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Blood of all sides remembered at Dromkeen ceremony

AN ESTIMATED 2,000 people turned up on Sunday for the unveiling of the monument erected at the site of the Dromkeen ambush to honour the leaders and volunteers of the East and Mid Limerick brigades of the old IRA, who took part in one of the bloodiest and most effective battles of the War of Independence.

In a magnanimous gesture, one of the speakers, Fr Liam Ryan, former Professor of Sociology at NUI Maynooth, said that it was proper to honour the men who struck "an important blow for Irish freedom" and to invoke God's blessing on the monument, but it was also right to remember the 11 RIC men and Black and Tans who were killed at the scene, three of whom were Irish and four Catholics.

The men of the East and Mid Limerick brigades may have known what they were fighting for and knew what they were willing to die for, but the 11 men who died did not know either what they fought for or what they died for, which said Fr Ryan was "sad, tragic and a terrible waste of human life".

Politicians from all sides of the political divide in East Limerick attended the ceremony, including the Cathaoirleach of Limerick County Council, Cllr John Gallahue; Deputy Niall Collins and the Fine Gael East Limerick TD, Deputy Kieran O'Donnell.

The latter's granduncle Dick O'Connell led the men of Mid Limerick on that momentous day, February 3, 1921, and his name is inscribed on the monument with the East Brigade leader, Donnchadh O Hannigan.

MC was Tom O'Sullivan of Doon, chairman of the memorial committee, and secretary Catherine Quish, a relative of one of the men who took part - Maurice Meade - introduced the proceedings. The Liam Lynch Pipe Band, Anglesboro, led the procession.

Wreaths were laid by Marion Blackwell in honour of the part played by Cumann na mBan and her grand-aunt Nell Blackwell; by Al O'Connell, son of one of the leaders Dick O'Connell and by Donal Malone from Nenagh, son of Tomas Malone, who was known as "Sean Ford", commander of the East Limerick Brigade who was in prison at the time of the ambush.

There were several stirring and inspirational addresses. Local historian, Tom Twomey gave the history of the ambush, told of the brutal regime that prevailed before the event and the reprisals that followed, and spoke of "a special generation to whom we are all indebted".

UL History lecturer Dr Eoin O'Donnell, who described as "a myth" claims that there was no connection between Soloheadbeg and the first Dail, said that those who fired the opening shots of the War of Independence at Soloheadbeg were following through "a mandate they had to respect".

Irish Republicans had been forced to take up arms, he said, because of Britain's initial refusal to even grant them "white settler status" as they did in Canada and Australia, the gross mishandling of 1916, and because of the repressive regime that followed the 1918 vote.

He also claimed that the Republican response had been restrained, and had not included a mass campaign of bombing on "the mainland".

"It would have been possible to inflict more casualties," he said.

The fact that some of those who died in the War of Independence were Irish was "immaterial" he said. "They had taken the British writ".

But it was Fr Ryan's speech that bridged the dichotomy.

It was right to honour the men of Dromkeen, and right to ask God's blessing on the monument which was "a monument to freedom, he said. "There is no greater value, no greater human value, no greater Christian value than freedom."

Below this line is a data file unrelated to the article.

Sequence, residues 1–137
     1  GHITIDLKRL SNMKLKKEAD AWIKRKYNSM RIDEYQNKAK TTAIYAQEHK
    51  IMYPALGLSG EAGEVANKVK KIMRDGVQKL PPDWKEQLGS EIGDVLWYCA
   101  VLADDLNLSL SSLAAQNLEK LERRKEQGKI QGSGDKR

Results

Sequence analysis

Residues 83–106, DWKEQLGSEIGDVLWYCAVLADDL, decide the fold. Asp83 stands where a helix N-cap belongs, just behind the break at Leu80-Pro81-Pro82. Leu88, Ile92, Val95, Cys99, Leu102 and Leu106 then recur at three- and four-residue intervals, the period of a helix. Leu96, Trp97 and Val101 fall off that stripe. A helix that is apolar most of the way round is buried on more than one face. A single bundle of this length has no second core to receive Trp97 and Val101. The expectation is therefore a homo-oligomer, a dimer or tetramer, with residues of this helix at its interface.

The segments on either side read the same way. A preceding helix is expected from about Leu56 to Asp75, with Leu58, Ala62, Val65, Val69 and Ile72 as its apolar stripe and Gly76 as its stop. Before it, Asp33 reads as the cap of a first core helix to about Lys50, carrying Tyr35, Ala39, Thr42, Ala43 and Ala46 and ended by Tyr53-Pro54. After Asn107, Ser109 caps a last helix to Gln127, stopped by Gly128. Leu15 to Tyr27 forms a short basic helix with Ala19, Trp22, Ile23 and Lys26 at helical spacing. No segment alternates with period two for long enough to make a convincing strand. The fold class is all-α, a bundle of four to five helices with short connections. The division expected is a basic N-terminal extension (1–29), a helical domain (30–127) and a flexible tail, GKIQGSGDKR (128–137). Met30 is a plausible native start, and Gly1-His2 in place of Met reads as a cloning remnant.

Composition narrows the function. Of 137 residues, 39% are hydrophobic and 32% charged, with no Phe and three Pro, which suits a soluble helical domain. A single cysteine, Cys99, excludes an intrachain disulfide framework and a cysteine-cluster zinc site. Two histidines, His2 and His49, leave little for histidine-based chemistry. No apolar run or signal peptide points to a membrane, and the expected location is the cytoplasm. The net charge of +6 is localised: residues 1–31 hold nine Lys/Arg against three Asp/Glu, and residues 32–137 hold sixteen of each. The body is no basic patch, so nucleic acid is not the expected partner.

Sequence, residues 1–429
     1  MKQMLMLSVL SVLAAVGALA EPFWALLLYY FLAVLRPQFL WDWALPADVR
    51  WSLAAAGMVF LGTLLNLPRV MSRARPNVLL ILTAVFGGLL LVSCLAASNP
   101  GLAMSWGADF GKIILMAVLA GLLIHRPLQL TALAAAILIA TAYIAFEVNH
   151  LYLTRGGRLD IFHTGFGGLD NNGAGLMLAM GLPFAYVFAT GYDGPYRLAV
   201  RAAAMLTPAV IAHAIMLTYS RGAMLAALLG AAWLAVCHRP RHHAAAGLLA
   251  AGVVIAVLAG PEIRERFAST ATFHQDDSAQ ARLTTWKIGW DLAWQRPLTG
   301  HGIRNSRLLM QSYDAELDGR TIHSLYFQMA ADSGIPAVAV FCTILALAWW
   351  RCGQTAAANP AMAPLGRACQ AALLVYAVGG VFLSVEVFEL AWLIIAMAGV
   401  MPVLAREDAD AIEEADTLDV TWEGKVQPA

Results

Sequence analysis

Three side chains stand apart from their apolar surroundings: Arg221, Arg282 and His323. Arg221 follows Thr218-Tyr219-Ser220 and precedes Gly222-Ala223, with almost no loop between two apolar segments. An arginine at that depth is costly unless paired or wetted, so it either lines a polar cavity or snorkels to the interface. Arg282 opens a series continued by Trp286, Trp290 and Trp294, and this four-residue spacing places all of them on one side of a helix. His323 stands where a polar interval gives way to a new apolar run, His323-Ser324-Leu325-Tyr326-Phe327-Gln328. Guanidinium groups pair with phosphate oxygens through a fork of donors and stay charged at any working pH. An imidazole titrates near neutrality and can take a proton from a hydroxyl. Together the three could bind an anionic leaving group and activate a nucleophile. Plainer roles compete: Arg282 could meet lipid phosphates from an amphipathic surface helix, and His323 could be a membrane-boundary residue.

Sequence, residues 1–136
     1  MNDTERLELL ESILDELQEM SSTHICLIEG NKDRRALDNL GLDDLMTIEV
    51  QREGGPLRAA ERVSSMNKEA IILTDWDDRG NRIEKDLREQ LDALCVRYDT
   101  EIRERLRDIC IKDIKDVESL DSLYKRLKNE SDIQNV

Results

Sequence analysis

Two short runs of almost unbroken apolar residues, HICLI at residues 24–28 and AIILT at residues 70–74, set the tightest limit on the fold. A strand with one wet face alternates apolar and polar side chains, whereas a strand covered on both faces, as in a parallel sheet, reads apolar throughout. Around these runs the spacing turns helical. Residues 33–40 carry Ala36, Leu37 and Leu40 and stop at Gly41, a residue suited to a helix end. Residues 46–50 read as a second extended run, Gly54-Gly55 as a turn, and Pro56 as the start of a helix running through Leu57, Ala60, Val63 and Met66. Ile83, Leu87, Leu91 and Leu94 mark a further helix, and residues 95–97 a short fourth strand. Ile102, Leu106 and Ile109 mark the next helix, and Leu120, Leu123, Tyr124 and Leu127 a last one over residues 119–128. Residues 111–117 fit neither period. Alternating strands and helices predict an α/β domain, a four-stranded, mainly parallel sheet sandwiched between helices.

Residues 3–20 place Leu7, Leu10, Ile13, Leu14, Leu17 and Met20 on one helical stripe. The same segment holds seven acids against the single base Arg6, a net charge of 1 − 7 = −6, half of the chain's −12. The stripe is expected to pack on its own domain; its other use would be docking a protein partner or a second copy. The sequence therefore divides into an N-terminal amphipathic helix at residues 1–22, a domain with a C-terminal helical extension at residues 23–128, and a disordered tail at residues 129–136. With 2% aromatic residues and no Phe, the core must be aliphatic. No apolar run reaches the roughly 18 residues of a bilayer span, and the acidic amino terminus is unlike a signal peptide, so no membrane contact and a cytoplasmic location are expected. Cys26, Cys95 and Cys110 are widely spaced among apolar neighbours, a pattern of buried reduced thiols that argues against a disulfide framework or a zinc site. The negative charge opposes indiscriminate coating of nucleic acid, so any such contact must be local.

"But," he went on, "it is right too, at least today, that we should remember the 11 men who died here. Incidentally, three of them were Irish, four of them were Catholic.

"But we do not remember them for reasons of faith or fatherland, but for this reason: the men of the East and Mid Limerick Brigades knew what they were fighting for and knew what they were willing to die for.

"The 11 men who died here never knew what they were fighting for, and certainly never knew what they died for. That is sad, that is tragic, that is a terrible waste of human life," he said.

In "a spirit of generosity and ecumenism" he asked that "everyone who fought at Dromkeen that day" be included in the prayer at the blessing of the monument.

Fr Ryan said that his mother often recalled that, as a young woman, she had heard the guns of the Dromkeen ambush.

"But in a wider sense, the guns of Dromkeen were heard around the world, because the Irish War of Independence inspired liberation movements in places like India, Kenya, Nigeria, Egypt, Cyprus, Israel and many other countries."

But he described Dromkeen and similar monuments in Ireland as "unfinished business".

"Political freedom is never an end in itself, only a means to an end, a stepping stone to other freedoms. True, some of the men who fought here and many in the War of Independence, looked no further than the old IRB slogan 'An Irish Republic shall be established by force of arms'.

"But for many of their leaders, as for Pearse and Connolly and the men of 1916, the vision went much farther, to the vision of the kind of Ireland that political freedom would make possible, a vision of the other freedoms that make life worth living.

"Freedom from want and poverty, freedom from disease and ill health; freedom from idleness, unemployment and emigration; freedom from ignorance and illiteracy; freedom from squalor and slums in our cities and above all, freedom from fear, from injustice, from inequality and discrimination - the freedom that treats all children of the nation equally.

"While some, maybe many, in our country still suffer from want, from unnecessary ill-health, from unemployment, from illiteracy, from squalor, from inequality and injustice, Dromkeen and similar monuments in Ireland will always represent unfinished business," he said to loud applause.

 
 
 

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